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British Columbia Ancient Forests News


Posted May 26, 2016

ELF sets up new protest camp, wins backing from Sierra Club

Coast Reporter, May 26, 2016

The Elphinstone Logging Focus is working to stop a BC Timber Sales (a BC government-directed logging cutblock) cutblock in the biologically rich mature forests on the slopes of Mount Elphinstone near Gibsons. You can see their website here:


Elphinstone Logging Focus (ELF) is making another effort to stop, or at least delay, the auctioning of a BC Timber Sales (BCTS) cutblock on the slopes of Mount Elphinstone.

Block A87125 is in the area ELF calls “Twist and Shout Forest.” It’s also within the boundaries of what the group is hoping will someday become an expanded Mount Elphinstone Provincial Park.

ELF’s Ross Muirhead told Coast Reporter a 24/7 camp was set up last weekend on an old spur road that accesses the cutblock. He said the group plans to hold events at what they’ve dubbed “Elphinstone Forest Protection Camp” throughout the summer.

The group has backing from Sierra Club BC, which issued a statement Wednesday calling for the province to “rescind the auctioning of this cutblock and commence a comprehensive park expansion/connectivity implementation process through engagement with the Squamish and shíshálh nations and local communities.”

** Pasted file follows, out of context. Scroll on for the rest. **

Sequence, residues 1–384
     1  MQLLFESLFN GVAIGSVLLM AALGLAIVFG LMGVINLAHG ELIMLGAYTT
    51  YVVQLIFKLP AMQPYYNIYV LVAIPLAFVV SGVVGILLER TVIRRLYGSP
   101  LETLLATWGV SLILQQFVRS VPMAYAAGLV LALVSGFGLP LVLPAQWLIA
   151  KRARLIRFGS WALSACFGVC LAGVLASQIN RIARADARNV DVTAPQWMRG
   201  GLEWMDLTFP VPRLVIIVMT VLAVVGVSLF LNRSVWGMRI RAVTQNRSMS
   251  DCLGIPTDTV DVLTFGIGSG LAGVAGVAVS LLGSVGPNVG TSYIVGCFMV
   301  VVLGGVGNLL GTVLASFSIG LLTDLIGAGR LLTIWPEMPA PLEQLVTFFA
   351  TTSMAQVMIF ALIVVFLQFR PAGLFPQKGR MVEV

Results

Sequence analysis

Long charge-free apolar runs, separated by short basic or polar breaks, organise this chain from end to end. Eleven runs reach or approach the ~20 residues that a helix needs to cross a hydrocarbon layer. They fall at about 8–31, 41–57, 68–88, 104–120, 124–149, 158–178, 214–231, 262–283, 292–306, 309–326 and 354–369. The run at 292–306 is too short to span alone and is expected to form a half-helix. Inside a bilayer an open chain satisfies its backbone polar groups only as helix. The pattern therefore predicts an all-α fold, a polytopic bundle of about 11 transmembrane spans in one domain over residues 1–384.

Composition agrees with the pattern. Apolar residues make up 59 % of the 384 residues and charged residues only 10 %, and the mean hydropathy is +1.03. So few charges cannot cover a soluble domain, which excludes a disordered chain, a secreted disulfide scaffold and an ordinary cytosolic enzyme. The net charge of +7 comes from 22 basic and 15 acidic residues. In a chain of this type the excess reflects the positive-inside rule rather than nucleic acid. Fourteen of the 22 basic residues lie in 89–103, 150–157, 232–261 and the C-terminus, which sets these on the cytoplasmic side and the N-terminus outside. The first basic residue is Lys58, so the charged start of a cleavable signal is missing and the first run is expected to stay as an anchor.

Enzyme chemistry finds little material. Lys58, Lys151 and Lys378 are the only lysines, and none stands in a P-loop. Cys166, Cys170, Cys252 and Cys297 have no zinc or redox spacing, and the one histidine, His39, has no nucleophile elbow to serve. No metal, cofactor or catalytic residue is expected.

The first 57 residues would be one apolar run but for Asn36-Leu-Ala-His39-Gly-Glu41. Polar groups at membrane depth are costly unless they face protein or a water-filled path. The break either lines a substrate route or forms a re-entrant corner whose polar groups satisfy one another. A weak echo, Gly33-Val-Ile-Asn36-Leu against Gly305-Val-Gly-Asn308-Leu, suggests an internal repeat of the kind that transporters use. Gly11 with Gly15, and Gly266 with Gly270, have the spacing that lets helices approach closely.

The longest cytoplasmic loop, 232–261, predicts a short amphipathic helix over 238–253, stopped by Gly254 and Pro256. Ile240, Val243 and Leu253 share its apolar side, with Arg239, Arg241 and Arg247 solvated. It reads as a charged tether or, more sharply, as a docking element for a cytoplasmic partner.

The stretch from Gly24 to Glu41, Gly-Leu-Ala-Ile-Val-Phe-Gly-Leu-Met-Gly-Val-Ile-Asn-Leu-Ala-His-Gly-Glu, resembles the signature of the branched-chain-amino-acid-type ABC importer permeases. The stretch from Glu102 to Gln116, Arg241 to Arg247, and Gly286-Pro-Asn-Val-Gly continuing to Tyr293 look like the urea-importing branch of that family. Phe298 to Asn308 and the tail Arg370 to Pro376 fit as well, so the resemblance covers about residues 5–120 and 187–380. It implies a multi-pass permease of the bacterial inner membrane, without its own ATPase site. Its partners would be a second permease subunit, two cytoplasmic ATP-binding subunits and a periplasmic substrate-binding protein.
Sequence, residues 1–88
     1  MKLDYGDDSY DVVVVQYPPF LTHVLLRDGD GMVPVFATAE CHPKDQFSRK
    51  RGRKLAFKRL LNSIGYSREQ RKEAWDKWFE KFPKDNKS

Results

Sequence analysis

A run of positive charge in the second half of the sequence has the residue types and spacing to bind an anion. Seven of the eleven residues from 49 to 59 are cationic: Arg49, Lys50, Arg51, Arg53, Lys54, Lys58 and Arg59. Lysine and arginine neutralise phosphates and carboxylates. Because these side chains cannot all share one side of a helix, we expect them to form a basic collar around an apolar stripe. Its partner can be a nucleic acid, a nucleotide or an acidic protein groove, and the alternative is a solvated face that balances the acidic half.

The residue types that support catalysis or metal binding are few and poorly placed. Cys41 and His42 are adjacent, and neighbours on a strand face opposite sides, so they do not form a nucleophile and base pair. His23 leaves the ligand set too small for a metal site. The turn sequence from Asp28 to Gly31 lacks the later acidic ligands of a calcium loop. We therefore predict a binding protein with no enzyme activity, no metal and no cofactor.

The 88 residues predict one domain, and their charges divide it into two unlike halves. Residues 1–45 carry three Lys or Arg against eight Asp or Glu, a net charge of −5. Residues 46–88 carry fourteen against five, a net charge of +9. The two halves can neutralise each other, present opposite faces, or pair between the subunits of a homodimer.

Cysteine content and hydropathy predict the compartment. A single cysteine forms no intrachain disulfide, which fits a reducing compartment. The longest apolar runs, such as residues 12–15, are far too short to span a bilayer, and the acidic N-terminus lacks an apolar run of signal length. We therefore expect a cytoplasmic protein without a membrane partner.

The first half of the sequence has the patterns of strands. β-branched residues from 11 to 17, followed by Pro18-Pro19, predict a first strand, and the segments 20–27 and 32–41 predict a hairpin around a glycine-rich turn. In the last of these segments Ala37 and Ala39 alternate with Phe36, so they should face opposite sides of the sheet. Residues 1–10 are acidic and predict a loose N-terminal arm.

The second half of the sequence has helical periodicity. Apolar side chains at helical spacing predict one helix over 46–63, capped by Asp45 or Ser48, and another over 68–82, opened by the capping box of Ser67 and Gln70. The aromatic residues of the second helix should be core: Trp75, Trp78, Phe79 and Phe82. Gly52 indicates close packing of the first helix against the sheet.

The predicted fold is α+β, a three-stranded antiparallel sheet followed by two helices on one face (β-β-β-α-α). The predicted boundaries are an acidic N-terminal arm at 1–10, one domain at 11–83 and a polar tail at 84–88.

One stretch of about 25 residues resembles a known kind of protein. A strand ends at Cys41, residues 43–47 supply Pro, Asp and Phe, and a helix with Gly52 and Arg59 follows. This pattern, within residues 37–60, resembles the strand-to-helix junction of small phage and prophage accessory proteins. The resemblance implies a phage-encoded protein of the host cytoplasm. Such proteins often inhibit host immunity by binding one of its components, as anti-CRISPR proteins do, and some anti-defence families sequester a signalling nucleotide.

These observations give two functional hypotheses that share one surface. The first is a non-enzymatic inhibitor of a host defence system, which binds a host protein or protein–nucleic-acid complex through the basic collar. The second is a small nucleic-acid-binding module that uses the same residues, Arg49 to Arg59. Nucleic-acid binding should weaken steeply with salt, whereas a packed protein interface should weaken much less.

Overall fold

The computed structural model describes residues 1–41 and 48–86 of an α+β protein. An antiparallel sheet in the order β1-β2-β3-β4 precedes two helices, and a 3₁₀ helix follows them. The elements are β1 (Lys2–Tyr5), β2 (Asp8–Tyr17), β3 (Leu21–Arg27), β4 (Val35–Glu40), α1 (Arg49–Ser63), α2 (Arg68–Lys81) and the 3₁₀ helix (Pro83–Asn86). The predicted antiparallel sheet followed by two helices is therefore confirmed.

ELF was instrumental in getting BCTS to delay the auction of the cutblock last year.

In a Factsheet published May 18, the Ministry of Forest, Lands and Natural Resource Operations (FLNRO) said, “A87125 comprises second-growth forest on Mount Elphinstone, and specific measures incorporated into the design of A87125 that go above and beyond legal requirements include: buffering a popular mountain bike trail from harvest; placing additional setbacks on streams; and retaining veteran Douglas-fir trees that survived historical fire and logging.”

FLNRO also notes that “the province has no plans to expand the existing park,” and it’s been talking with First Nations, local governments and community groups since it added A87125 to its harvesting plan.

ELF released a statement just before setting up the protest camp, quoting a 2015 study it commissioned from biologist Wayne McCrory that concluded the area is worth preserving.

“If this cutblock is allowed to proceed it will take out approximately 30 hectares [74 acres] of prime older forests that’s already in between two former cutblocks,” ELF’s Hans Penner said in the statement. “We encouraged BCTS to look to the north outside the 2,000 hectare [4,942 acre proposed park expansion] across the Sechelt-Dakota Forest Service Road where harvesting can take place in actual tree farms. This reasonable request has been met with silence.”

The public comment period on the cutblock auction ended April 18, and the bidding is scheduled to end June 3. According to FLNRO, the successful bidder will have 11 months to start logging before the licence expires.

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